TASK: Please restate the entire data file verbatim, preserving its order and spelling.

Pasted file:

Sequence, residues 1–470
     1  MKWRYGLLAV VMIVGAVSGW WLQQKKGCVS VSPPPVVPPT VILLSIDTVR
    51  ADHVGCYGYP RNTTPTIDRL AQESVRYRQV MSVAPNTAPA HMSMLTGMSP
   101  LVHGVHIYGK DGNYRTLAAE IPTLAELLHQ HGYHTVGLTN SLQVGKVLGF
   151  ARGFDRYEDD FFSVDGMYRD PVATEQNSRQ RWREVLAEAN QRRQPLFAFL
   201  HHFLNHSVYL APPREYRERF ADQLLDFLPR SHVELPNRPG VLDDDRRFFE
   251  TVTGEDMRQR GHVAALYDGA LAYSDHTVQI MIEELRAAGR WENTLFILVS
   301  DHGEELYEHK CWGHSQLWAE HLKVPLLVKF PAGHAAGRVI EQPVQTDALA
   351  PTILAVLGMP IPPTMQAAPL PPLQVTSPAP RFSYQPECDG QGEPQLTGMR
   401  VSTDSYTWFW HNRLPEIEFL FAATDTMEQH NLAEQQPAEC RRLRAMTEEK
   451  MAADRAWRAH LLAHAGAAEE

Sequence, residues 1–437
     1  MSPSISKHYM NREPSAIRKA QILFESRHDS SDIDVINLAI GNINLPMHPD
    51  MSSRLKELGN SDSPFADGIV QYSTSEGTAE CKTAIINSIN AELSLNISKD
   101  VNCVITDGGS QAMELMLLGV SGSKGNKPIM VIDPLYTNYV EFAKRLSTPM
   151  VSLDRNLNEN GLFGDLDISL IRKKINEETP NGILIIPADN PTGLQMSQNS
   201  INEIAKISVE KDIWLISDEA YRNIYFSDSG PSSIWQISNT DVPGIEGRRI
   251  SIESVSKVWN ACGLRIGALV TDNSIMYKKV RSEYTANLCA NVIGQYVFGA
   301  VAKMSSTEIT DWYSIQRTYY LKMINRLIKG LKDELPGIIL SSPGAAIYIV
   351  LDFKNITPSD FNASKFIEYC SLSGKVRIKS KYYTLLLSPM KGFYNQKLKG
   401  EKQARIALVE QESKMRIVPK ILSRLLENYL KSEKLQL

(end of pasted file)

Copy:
Sequence, residues 1–470
     1  MKWRYGLLAV VMIVGAVSGW WLQQKKGCVS VSPPPVVPPT VILLSIDTVR
    51  ADHVGCYGYP RNTTPTIDRL AQESVRYRQV MSVAPNTAPA HMSMLTGMSP
   101  LVHGVHIYGK DGNYRTLAAE IPTLAELLHQ HGYHTVGLTN SLQVGKVLGF
   151  ARGFDRYEDD FFSVDGMYRD PVATEQNSRQ RWREVLAEAN QRRQPLFAFL
   201  HHFLNHSVYL APPREYRERF ADQLLDFLPR SHVELPNRPG VLDDDRRFFE
   251  TVTGEDMRQR GHVAALYDGA LAYSDHTVQI MIEELRAAGR WENTLFILVS
   301  DHGEELYEHK CWGHSQLWAE HLKVPLLVKF PAGHAAGRVI EQPVQTDALA
   351  PTILAVLGMP IPPTMQAAPL PPLQVTSPAP RFSYQPECDG QGEPQLTGMR
   401  VSTDSYTWFW HNRLPEIEFL FAATDTMEQH NLAEQQPAEC RRLRAMTEEK
   451  MAADRAWRAH LLAHAGAAEE

Sequence, residues 1–437
     1  MSPSISKHYM NREPSAIRKA QILFESRHDS SDIDVINLAI GNINLPMHPD
    51  MSSRLKELGN SDSPFADGIV QYSTSEGTAE CKTAIINSIN AELSLNISKD
   101  VNCVITDGGS QAMELMLLGV SGSKGNKPIM VIDPLYTNYV EFAKRLSTPM
   151  VSLDRNLNEN GLFGDLDISL IRKKINEETP NGILIIPADN PTGLQMSQNS
   201  INEIAKISVE KDIWLISDEA YRNIYFSDSG PSSIWQISNT DVPGIEGRRI
   251  SIESVSKVWN ACGLRIGALV TDNSIMYKKV RSEYTANLCA NVIGQYVFGA
   301  VAKMSSTEIT DWYSIQRTYY LKMINRLIKG LKDELPGIIL SSPGAAIYIV
   351  LDFKNITPSD FNASKFIEYC SLSGKVRIKS KYYTLLLSPM KGFYNQKLKG
   401  EKQARIALVE QESKMRIVPK ILSRLLENYL KSEKLQL